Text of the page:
Caretakers Get Advice On Caring for Texas Polygamist Sect Children

From Amarillo to Houston, children removed from a polygamist ranch in West Texas are settling into new surroundings, and caretakers are getting cultural pointers on how to deal with them.

No television, no movies, no radio and nothing red at the shelters and group homes where the children are staying.

"The color 'RED' is not acceptable for clothing," said a memo that the Texas Department of Family and Protective Services sent to caretakers for the 462 children seized this month from the Yearning for Zion ranch after a tip about possible abuse. The ranch was established by the Fundamentalist Church of Jesus Christ of Latter-day Saints and sect members believe red is reserved for Jesus Christ, according to officials in Utah.

So workers at the Children's Shelter in San Antonio spent part of the week taking anything colored red off the walls and floors.

Another memo from state officials to caretakers describes the children's dietary and clothing needs.

Some officials said they were sensitive to potential culture shock among the children, who led a sheltered life on the ranch near Eldorado.

"Help them with self-esteem, guilty feelings, shame, confusion about mainstream culture, and learning basic decision making skills," said another memo to caretakers.

As the children began settling into foster homes Saturday, sect leader Willie Jessop sent a letter asking Gov. Rick Perry to "block the separation of our 437 children from their mothers," the Houston Chronicle reported.

"The Texas Department of Family and Protective Services have demonstrated, in a most blatant way, their inability to properly care for, or even account for our children. Many have been left in critical medical conditions, resulting in permanent mental damage through threats, intimidation, and ultimately separating them from their parents," Jessop wrote.

A Corpus Christi attorney who represents two mothers from the polygamist retreat alleges child welfare authorities cannot account for two boys. The boys, a 16-month-old and 11 year-old, are not on any of the state's placement lists, said attorney Rebecca Flanigan, with Texas Rio Grande Legal Aid in Corpus Christi.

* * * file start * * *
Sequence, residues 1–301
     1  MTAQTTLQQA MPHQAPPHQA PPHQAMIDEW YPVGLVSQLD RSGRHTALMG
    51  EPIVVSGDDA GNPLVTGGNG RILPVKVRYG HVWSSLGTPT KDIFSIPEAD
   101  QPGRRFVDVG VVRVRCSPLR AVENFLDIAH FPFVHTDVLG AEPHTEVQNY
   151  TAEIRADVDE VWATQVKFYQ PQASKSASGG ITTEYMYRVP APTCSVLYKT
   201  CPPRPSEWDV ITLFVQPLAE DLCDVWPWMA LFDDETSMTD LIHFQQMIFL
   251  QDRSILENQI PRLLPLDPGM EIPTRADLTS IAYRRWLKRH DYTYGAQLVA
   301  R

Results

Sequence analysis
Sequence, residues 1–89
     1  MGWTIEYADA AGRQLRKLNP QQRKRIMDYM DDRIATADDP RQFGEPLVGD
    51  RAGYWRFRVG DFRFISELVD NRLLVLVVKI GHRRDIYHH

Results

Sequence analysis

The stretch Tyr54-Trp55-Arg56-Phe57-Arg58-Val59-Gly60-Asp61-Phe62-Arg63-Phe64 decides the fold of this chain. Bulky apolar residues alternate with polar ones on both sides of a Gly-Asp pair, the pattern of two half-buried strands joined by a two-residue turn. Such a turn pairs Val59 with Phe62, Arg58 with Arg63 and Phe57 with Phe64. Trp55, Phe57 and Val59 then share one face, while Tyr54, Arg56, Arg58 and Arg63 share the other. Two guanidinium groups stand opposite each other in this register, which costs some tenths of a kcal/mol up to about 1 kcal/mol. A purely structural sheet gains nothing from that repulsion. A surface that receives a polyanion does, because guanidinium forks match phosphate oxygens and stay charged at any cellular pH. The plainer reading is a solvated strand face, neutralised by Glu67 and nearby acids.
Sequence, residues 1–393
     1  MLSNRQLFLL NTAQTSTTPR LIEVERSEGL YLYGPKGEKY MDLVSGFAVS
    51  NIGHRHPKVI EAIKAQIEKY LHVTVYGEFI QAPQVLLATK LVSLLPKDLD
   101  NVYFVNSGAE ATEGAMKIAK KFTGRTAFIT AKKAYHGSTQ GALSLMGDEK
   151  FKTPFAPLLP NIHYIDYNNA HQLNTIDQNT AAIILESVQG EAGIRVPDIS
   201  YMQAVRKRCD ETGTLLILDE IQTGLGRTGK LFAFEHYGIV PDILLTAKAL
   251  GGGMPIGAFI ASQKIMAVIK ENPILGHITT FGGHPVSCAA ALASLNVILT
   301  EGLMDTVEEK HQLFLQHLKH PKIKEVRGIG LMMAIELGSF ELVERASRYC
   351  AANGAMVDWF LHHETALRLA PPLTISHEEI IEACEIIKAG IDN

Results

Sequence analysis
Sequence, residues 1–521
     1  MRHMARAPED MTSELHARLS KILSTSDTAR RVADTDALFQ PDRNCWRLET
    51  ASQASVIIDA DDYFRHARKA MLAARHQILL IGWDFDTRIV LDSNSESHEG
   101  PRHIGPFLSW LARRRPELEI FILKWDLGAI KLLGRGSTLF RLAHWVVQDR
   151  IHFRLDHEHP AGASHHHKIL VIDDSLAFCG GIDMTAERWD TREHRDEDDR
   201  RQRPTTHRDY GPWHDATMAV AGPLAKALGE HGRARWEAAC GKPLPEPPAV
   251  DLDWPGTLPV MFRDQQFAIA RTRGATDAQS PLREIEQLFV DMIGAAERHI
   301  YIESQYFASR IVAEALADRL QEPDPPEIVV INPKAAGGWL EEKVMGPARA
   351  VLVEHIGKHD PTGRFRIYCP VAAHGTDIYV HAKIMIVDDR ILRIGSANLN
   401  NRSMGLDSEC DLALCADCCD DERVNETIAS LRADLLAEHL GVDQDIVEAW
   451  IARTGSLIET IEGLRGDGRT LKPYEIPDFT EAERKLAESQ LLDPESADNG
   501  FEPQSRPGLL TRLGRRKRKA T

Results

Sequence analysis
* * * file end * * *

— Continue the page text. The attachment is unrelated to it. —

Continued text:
Child welfare officials told the Corpus Christi Caller-Times that no children have been lost, but that parent-child relationships have been difficult to determine. Department of Family and Protective Services spokesman Patrick Crimmins said he is not aware of children being unaccounted at this point.

The letter by Jessop accuses Child Protective Services of misrepresenting conditions and making false allegations against the Fundamentalist Church of Jesus Christ of Latter Day Saints. It called removal of the children from the sect's compound "some of the most horrific violations of human rights that have ever been allowed on American soil."

The last busloads of children from the group left the San Angelo Coliseum on Friday, headed for shelters and group homes around the state. One bus had to stop several times on the way to Brazoria County, south of Houston, because some of the children got motion sickness.

"Some of them probably haven't even ridden in a vehicle before," state trooper Dial King told the Houston Chronicle.

Near Amarillo, Cal Farley's Boys Ranch took in 18 more boys on Friday, bringing to 72 the number of FLDS children under its care. Dan Adams, chief executive of the ranch, said staffers got pointers to help them understand the dress, food and cultural ways of the children.

"We've been working very closely with Child Protective Services in trying to understand and be aware of whatever unique circumstances these children came out of and what they are used to," Adams told the Amarillo Globe-News. "Obviously, anybody (who) is going to be directly involved with the kids, we want them to be as competent and educated as they can be on those things."

In Fort Worth, Catholic Charities is adding more staffers to handle the 35 Eldorado children it received this week, said Anne Mason, the group's director of development. Employees turned a former orphanage back into a children's home, she said.

A judge awarded custody of the children to the state after child-welfare officials argued they could be in danger in Eldorado, where officials say young girls were forced to marry much older men and bear their children.

State officials hope that removing the children far from their West Texas ranch may make them more willing to speak freely about even such basic things as their names and ages.

"The children are in a position to no longer on a daily basis be influenced by adults who have encouraged a code of silence," said Darrell Azar, a spokesman for Child Protective Services. "Now that they are away from that influence they may become more comfortable and we will have a better chance of learning the truth."